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The Carletonian

The Carletonian

The Carletonian

Sitting down with the Yentas, Carleton’s new matchmakers

< weeks ago, Carleton students Natalie Jacobson ’18 and Bex Klafter ’18 unveiled a new matchmaking service for other Carls that has since proved tremendously popular.

Jacobson and Klafter are both well-versed in Carleton’s culture. Jacobson recognizes that “it’s hard [to date], especially on a tiny campus like this where circles are always overlapping,” where dating apps are prevalent and where there’s “hookup culture on one end of the spectrum . . . [and] couples that have been together for a really long time” on the other end of the spectrum.

Jacobson and Klafter agree that casual dating is scarce on campus. Jacobson elaborated: “there’s just not enough casual dating at Carleton, like people who are just trying to go on dates with people, so that’s something that we’re trying to ameliorate [through our matchmaking service].” Jacobson and Klafter have been in the matchmaking business since sophomore year. Klafter said “Jacobson was setting up some friends just sort of casually and…together we came to an idea [of a match]…and they dated for a year and a half.”

Klafter remarked that the two “were definitely in love.” Propelled by this success, Jacobson and Klafter worked to formalize their matchmaking service. They took inspiration from Fiddler on the Roof and deemed themselves the Campus Yentas.[1]

Jacobson and Klafter unveiled “Campus Yentas” at a party this year.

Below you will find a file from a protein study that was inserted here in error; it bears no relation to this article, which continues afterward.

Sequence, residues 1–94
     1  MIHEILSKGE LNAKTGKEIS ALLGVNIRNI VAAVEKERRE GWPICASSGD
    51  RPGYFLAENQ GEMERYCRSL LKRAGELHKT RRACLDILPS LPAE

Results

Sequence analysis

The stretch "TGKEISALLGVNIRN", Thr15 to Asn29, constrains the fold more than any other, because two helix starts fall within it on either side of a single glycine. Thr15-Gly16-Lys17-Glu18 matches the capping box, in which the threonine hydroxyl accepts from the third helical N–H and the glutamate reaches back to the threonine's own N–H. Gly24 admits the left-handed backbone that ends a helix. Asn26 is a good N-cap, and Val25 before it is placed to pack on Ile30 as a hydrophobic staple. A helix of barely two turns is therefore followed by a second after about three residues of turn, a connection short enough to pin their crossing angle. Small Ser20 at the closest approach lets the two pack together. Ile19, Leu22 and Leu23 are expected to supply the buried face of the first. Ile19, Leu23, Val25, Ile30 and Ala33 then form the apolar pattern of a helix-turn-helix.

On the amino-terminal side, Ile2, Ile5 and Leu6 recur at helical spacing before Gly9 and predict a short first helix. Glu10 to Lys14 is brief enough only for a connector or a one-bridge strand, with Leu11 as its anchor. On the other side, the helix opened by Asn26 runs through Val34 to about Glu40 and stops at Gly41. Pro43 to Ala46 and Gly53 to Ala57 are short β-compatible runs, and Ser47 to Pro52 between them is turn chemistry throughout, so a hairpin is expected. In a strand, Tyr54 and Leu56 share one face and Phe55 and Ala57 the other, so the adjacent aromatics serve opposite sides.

The two arrived in matching black outfits with “Campus Yentas” written on their arms, and were received with enthusiasm. Jacobson recalls at least 10 people waiting in line to give their information to her and Klafter. Overwhelmed by the positive response, Jacobson and Klafter wrote down everyone’s information on their hands. Later, they inputted the data into their matchmaking spreadsheet, which has attracted 68 people in just two weeks.

Jacobson and Klafter are working diligently to “Yenta” everyone who signs up for their services. Jacobson said “we’ve been kind of slow about the process, but we’re just doing it at the pace that we can as the full-time college students that we are.”

She explained that matchmaking is a very time intensive process and “it’s hard for us to live our lives and respond to demand.” Regardless, the Yentas are off to a strong start. Jacobson enthused that “we’ve set up 14 pairs so far [since starting Campus Yentas].”

“We started just two weeks ago, and we’ve set up 14 matches, that’s 28 people [matched] so far.” Jacobson and Klafter already have a success story. Klafter said they “matched some people, and almost immediately got a message saying ‘How did you know?’ Sparks are already flying between them!”

The Yentas work hard to make personalized, thoughtful matches. Klafter said that “when people sign up for the program, ideally we’d like them to email us with their name, their year, their pronouns, their preferred genders to be set up with, if they have [preferred class years to be set up with] and anything else we should know.”